The National Institutes of Health has officially begun early-stage trials of an investigational COVID-19 vaccine developed by Moderna to protect against a concerning coronavirus variant that was first identified in South Africa late last year.
The NIH in a news release said the National Institue of Allergy and Infectious Diseases, which is part of the NIH, has officially begun its Phase 1 clinical trial in adult volunteers, expecting to enroll some 210 healthy adult volunteers to take part in the research at four separate sites in Atlanta, Cincinnati, Nashville and Seattle.
The trial will enroll people ages 18 years and older who already have received the mRNA-1273 vaccine, the original coronavirus vaccine developed by Moderna, as well as people 18-55 years of age who have not received any coronavirus vaccine, the NIH said, adding investigators expect full enrollment for the trial by the end of April.
The variant, scientifically referred to as B.1.351, was first detected in South African in October 2020. The strain is concerning because experts say it is more transmissible and likely more virulent than the original strain, meaning it may cause more severe illness. It has also shown to diminish efficacy from vaccines, and nearly escape antibody treatments. In response, several drugmakers, including Moderna, have since begun work on variant booster shots.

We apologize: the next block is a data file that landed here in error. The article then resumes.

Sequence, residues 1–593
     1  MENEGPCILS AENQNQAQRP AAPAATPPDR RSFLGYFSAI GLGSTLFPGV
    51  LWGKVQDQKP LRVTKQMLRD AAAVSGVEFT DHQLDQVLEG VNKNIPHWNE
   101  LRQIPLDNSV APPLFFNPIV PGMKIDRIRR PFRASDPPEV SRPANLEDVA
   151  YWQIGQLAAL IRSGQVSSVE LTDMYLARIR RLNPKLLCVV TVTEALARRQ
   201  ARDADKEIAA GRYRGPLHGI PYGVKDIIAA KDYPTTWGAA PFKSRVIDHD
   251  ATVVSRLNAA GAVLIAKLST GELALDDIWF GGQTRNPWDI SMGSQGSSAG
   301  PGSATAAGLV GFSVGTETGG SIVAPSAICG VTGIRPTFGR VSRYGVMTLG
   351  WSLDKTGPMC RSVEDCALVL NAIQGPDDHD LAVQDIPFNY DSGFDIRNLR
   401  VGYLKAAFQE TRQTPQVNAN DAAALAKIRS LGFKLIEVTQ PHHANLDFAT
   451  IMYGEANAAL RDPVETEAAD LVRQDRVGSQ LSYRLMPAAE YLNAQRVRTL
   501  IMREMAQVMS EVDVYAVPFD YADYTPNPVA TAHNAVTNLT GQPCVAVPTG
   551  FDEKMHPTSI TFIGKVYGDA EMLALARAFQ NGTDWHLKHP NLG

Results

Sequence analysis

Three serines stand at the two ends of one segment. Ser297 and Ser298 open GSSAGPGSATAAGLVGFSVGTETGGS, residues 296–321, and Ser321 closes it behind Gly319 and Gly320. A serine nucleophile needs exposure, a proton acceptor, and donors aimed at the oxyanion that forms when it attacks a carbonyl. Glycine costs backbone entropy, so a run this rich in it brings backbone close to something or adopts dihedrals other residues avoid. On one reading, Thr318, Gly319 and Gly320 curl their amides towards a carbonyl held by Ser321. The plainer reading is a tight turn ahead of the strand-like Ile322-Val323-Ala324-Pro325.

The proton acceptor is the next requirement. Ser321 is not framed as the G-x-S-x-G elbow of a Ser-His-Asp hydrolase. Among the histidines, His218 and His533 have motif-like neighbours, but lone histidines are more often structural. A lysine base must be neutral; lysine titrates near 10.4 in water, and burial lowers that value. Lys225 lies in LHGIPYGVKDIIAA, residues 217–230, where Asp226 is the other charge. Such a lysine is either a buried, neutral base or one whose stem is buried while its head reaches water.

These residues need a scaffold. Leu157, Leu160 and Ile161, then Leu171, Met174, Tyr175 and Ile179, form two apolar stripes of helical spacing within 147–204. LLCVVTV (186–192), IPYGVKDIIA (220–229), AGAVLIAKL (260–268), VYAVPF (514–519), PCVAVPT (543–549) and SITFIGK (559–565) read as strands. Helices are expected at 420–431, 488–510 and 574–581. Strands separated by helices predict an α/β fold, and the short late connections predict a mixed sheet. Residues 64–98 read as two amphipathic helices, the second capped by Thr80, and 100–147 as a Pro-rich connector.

The South African variant has since been detected in at least nine U.S. states, said Dr. Anthony Fauci, the nation’s top infectious disease expert and the director of the NIAID, in a statement.
"Preliminary data show that the COVID-19 vaccines currently available in the United States should provide an adequate degree of protection against SARS-CoV-2 variants. However, out of an abundance of caution, NIAID has continued its partnership with Moderna to evaluate this variant vaccine candidate should there be a need for an updated vaccine," he added.
Public health experts have said that coronavirus mitigation measures that have been recommended since the start of the pandemic — wearing masks, social distancing, frequently washing the hands — can help protect against variants.